My mom was the writer extraordinaire. She was the master of the thoughtful note writing each by hand in her beautiful Palmer penmanship. She was way ahead of the texting trend sending notes to anyone she’d be thinking of. When I was little, she’d send one of us down the block to deliver a get-well note to an ailing friend and she always had a pile of letters ready for my dad to mail on his way to work.
My mom had five kids and after leaving home each of us received her letters making us feel as if we were her only child.
When I was in college, I’d receive an encouraging note in the mail along with a five or twenty dollar bill. This was a practice she kept up long after we were “self sufficient”, working and married. Birthday cards were sent with cash and throughout the year we’d receive news articles with notes next to them saying things like, “I thought of you,” or “something to think about?” Regardless of the content, she ALWAYS wrote a long note about the birds she was feeding or the party she and my dad hosted.
Little notes to stay in touch and let us know she was thinking of us.
Christmas time was busy for her and she’d start her annual holiday cards early. She insisted on personalizing each one, writing something special and we were taught to NEVER just sign a Christmas card. “That’s so impersonal.” Hundreds would go out a year and not a one, not even for the postal carrier, was sent with less than two paragraphs of her hand-written word.
My mom showed affection with more than her words. She loved a house full of kids and she’d welcome anyone who happened to be over. Our kitchen and dining room were in constant use and I can still see my mom boiling pots of water for pasta and making meatballs for armies of kids. There were always friends over and lots of live music coming from our basement, garage or sun room. My mom would try to teach us how to harmonize and somehow she could convince even the shyest guest to belt out Sinatra or a Beatles tune.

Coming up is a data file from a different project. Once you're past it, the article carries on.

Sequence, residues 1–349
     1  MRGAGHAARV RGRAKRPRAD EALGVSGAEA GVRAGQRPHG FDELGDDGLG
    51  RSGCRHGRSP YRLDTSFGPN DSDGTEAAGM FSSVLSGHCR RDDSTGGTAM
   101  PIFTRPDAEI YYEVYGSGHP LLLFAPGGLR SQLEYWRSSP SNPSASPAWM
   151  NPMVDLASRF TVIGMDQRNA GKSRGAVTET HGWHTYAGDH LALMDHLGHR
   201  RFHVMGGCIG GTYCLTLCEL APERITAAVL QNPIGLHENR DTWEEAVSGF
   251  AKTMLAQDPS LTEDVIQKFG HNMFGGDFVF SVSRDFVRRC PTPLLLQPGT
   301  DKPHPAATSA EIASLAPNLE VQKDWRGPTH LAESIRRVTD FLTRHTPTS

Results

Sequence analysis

I can still remember my father’s face when he was at my oldest brother’s 50th birthday party. My mom had died a few years earlier and one of my brother’s friends came up to my dad and said, “Mr. Caprio, I just want to thank you for letting me live in your basement that summer.” My dad looked at me, shook his head and asked, “Who was that kid and when did he live in our basement?”
My mom couldn’t turn her back on anyone or anything. She took in every stray cat or dog we’d find walking home, and although my dad was not a fan of pets, he tolerated them. She was a Registered Nurse and was always getting called to check on a sick kid or to administer a neighbor’s medicine. She was the first to volunteer for the PTA luncheon or help the school band with a charity event. She loved puns and admired anyone with a great sense of humor. To her, “a good sense of humor shows true intelligence because you have to be smart to be funny.” She was fascinated by knowledge and read thousands of books. As she got older, her biggest nuisance were her reading glasses that were always lost and rarely where she put them last.
Two weeks before my mom died, she and I discussed whether or not she’d be able to “communicate” with me after death. Like me, my mom was fascinated with ghosts but she hesitated when I asked her if she’d “contact” me. She said, “Oh honey, I wouldn’t want to scare you.” – “You wouldn’t scare me mom,” I said, “but I hope you wouldn’t show up in a mirror or float around my room.” We both laughed and suddenly the realization of what was happening began to sink in. My mom was dying and just the thought of it made me frantic. How was I going to go on without her?
My youngest daughter was only six months old when my mom died and I’m sad my girls never got to know her. She was funny, witty and fashionable but mostly she was the kindest person I’ve ever known. She put everyone else ahead of herself and she would have sacrificed anything for her kids.
It’s been almost 21 years since my mom died and not one day has passed that I don’t think of her. I’ll hear a song she’d sing with my dad or a pun I know she’d laugh at and I know she’s still here with me. And that’s just the thing…a mom’s love is forever and I’m grateful for having such an amazing one.
My mom would hate the small screen on a cell phone “I can’t see it…” and the tiny buttons used to write her notes but I think she’d be thrilled with the ease of sending her support and staying connected to the ones she loved…but that screen… I can hear her now….”I just wish I could see it!”
RIP sweet mama! You were the very best a kid could wish for.
– Germaine Caprio, MAJAMAS EARTH Company Owner & Designer